Ideally, the outcome of wound healing would be the reestablishment ofthe status quo before wounding. This can occur only through the processof regeneration, which unfortunately occurs only in lower vertebrates.Chronic wounds heal slower than normal acute wounds, whereas the tra-jectory for fetal wounds appears to be accelerated. The prenatal healingresponse is faster and more efficient than adult repair and produces newtissue rather than scar. Most of the healing processes are modified in thefetus; coagulation produces less PDGF and TGFβ than in the adult.Inflammation is essentially absent, with minimal production of TGFβ.This results in a more organized extracellular matrix that requires lessgranulation tissue formation and essentially no remodeling. There aremajor differences in the extracellular matrix of the fetal wound, with morehyaluronic acid, and in the humoral mediators, with very little TGFβ.These differences result in fetal wounds that heal rapidly and withoutscarring. In terms of a wound healing trajectory, the fetal wound healingcurve is to the “left” of healing adult wounds. If regeneration occurred inwounds above the lower vertebrates, it would result in the “ideal” woundhealing trajectory. Therefore, the trajectory of fetal wound healing isabout as close to “ideal” as we have to study human healing.
It is clear from the differences of acute wound healing, chronic woundhealing, and fetal wound healing that the evaluation of the outcome ofhealing can be measured versus time. The acute wound healing trajectoryis, in reality, an integration of multiple time-dependent processes. The endresult trajectory is a compromise between the processes as they wouldproceed in a vacuum and the way they proceed in the organism whenexposed to systemic and local deterrents to healing. The compromised tra-jectory has been suggested to be “normal” wound healing. “Normal” heal-ing and “impaired” healing can be viewed on a continuum and are a com-promise from “ideal” healing. In an attempt to accelerate wound healing,conceptually the healing process moves in the direction of the “ideal.”This essentially shifts the healing curve or trajectory to the left. Any localor systemic deterrent to wound healing processes would shift the trajec-tory to the right toward “impaired” healing.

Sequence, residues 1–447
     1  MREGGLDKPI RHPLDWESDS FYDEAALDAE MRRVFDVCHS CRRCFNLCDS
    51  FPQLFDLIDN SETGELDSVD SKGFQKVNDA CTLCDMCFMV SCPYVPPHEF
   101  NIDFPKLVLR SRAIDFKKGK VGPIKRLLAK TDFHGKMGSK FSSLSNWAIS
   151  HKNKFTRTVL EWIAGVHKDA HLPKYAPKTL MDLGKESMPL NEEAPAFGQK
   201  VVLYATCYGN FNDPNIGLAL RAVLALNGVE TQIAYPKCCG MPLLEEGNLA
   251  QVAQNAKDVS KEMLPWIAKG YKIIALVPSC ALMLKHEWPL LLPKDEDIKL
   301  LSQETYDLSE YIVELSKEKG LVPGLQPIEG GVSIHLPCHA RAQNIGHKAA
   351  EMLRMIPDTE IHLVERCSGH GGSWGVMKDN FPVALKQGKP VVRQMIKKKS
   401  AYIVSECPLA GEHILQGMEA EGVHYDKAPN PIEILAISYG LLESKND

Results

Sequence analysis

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There are both systemic and local deterrents to wound healing; allimpair the repair processes and shift the trajectory to the right. Systemiccauses include diabetes mellitus, decreased perfusion, hypoxia, renal fail-ure, corticosteroids, immune deficiency, cancer, and radiation. Each ofthese affect specific cellular processes and/or humoral mediators. Localfactors are also important. Necrotic tissue, high bacterial levels, ischemia,hematoma, foreign bodies, and dead space can all result in healing impair-ment. More than 105 bacteria per gram of tissue has been shown to affectadversely every process in the wound healing scheme.